So far, she has a menu of 120 dishes. One of the popular items is a Konkani sweet dish called the Jambul. “It is made of semolina,” says Nandini. “This is cooked in a mixture of milk, water and sugar. Following that, it is ghee-fried. Then it is coated in sugar syrup, with sprinklings of cardamom.”

And thanks to the multi-cultural nature of our society, the Malayalis are eating Punjabi and Gujarati dishes, and sometimes, the North Indians have the Malayali menu. “Within a family, the parents will have a South Indian thali, while the children will have the Punjabi menu,” says Nandini.

To have breakfast or lunch, Nandini prefers if the orders are given the night before. “We take the same amount of time, as any housewife,” she says. Once the food is ready it is delivered to the home through a special delivery team.

At Sindhu's home, in the suburb of Vennala, she has ordered food for her guests. And it arrives promptly at 12.45 p.m., in plastic containers, by two young men, who are wearing white T-shirts and red caps.

The food consists of rotis, baigan ka bartha, Dahi Wala chicken, chana and boondi raita. The dessert is a mouth-watering kulfi. The food is simple, but the taste is delicious. “Nandini told me that the home-makers are not making these dishes to make money,” says Sindhu. “They have a joy in cooking.”

And it is a joyful period for Nandini as her business picks up steam. A home-maker, she felt a vacuum when her daughter Krishna got married. Her son Achuth Govind is in Class 12, while her husband is busy in his IT business.

One day, while reading an article about a Bangalore-based entrepreneur, who started a business in homemade food, by collecting extra food from housewives, it struck Nandini that she could tweak the idea and provide a menu-based home-cooked food in Kochi.

And what has helped is the catchy name for the venture. “The name Yummykitchens was given by my son,” she says, with pride in her voice. “My future plans include expanding the business to other parts of India.”

(Sunday Magazine, The New Indian Express, South India and Delhi)

Tuesday, September 08, 2015

Alone and Together

COLUMN: Spouse's Turn 
Sasikala talks about life with the politician N. Venugopal

Photo by Ratheesh Sundaram
By Shevlin Sebastian
In the early 1980s, every now and then, Sasikala would see N. Venugopal, the Congress politician and current chairman of the Greater Cochin Development Authority. He would drop in to her house at Palluruthy to meet her father, Vishwanathan Menon, a leader of the party.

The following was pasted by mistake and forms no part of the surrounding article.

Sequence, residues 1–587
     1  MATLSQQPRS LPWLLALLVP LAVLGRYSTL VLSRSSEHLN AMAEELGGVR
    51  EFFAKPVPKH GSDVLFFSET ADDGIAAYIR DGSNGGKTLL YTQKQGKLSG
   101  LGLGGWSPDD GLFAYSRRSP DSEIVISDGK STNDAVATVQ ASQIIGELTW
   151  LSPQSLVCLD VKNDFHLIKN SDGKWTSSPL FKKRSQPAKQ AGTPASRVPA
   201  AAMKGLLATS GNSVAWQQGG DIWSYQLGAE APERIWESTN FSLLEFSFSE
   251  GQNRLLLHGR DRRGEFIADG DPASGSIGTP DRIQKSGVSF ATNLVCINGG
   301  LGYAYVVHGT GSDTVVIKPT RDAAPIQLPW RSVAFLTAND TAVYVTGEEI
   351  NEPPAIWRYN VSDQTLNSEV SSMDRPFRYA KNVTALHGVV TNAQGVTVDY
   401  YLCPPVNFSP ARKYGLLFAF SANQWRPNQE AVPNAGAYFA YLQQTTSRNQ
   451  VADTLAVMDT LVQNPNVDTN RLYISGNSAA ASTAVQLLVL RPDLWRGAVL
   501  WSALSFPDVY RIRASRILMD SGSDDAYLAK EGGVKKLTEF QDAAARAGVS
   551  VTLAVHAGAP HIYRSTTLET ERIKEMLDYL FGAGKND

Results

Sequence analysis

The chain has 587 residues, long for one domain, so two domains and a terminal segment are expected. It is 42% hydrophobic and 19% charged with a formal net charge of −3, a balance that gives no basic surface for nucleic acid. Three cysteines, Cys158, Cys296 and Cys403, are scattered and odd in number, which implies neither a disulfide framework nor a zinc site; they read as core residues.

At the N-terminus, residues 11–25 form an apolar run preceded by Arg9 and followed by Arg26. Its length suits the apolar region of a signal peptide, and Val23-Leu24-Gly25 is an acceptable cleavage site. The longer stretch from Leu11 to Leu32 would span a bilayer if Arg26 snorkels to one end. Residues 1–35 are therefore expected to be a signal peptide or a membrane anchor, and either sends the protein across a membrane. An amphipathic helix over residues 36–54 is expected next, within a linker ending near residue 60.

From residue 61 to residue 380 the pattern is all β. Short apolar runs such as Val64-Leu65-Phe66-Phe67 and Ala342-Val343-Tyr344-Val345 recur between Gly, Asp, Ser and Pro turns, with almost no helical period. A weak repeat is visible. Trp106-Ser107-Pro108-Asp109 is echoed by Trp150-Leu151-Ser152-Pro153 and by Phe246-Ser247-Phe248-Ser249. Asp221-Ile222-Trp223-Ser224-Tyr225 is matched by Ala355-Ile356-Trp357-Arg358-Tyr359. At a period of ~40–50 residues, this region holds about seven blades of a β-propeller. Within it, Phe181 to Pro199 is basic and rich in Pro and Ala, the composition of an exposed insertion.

After a while, Venugopal's family sent a marriage proposal. “My father liked Venugopal a lot, so he had no objections,” says Sasikala. “But I had a negative view. I felt that he was a bit harsh. He rarely smiled or laughed.”
Sasikala told her father that she did not know whether Venugopal's silent behaviour was suitable for somebody like her. “I am an outgoing person, who laughs and smiles a lot,” says Sasikala. “My father said that just because he does not smile, does not mean that he is not a good person. He told me Venugopal did not have any bad habits.”
So Sasikala said yes. The marriage took place on September 10, 1983, at Mattancherry Town Hall. But for Sasikala, the unforgettable experience took place after the event. When they went to his home at Panayapally, near Fort Kochi, Venugopal told his wife that, next morning, he would be going for a 16-day camp for politicians. Since his parents had died early, there was only Venugopal's brother and his wife for company.
I felt very lonely,” she says. “In fact, I cried many times during those two weeks.”
Incidentally, before he left, Venugopal promised Sasikala that when he returned, he would take her to Kashmir. “That trip is still to take place,” says a smiling Sasikala at her home in Kochi.
Nevertheless, Sasikala is a fan of her husband. “He is a loving and caring husband,” says Sasikala. “He has given me a lot of freedom. Whenever I asked for something Venugopal has said yes. He knows I can be absent-minded. There have been many occasions when I have cut or burnt my fingers, while working in the kitchen. So when I am doing the cooking, from 11.30 a.m. onwards, sometimes, he will call and say, 'Be careful about the gas'.”
One reason for Sasikala's absent-mindedness is because she is a writer. She has written the lyrics for 60 songs, including the recent Jayasurya starrer, 'Jilebi'. “After our marriage Venugopal told me that he did not have a problem in me having a writing career,” says Sasikala. “But he would not accompany me to the studios. I was okay with that.”
As for his negative points, the primary one is of absence. “Because he is a politician, he is hardly ever at home,” says Sasikala. “If I call him, on the mobile, he will say he will call me later, but will forget to do so.”
For Sasikala it has been a learning experience, to be the wife of a politician. In the early years, when her husband would be attacked in the print media and the television channels, she would get extremely upset. “I would get a migraine headache, and take pills to calm down,” says Sasikala. “My husband said, ‘This is politics, a game. Don't take pills and damage your health’. Now I don't get angry at all.”
For Sasikala, her enduring happiness has been that Venugopal has allowed her parents to live with her. “Most husbands would have said no,” she says. “Not once has he complained about this arrangement.” Her father died a few years ago, but her mother, who is 80 now, continues to live with her.
The couple have two children, Vignesh and Lakshmi. While Vignesh, who has a MBA, runs the popular DYU Art Cafe in Bangalore, Lakshmi, who has a doctorate in economics, lives in the same city, and is the manager of several music bands.

As father, Venugopal has been soft. “He would always say yes to whatever they wanted,” says Sasikala. “However, in the earlier years, the children missed the presence of Venugopal a lot. It was I who took them for films and outings.”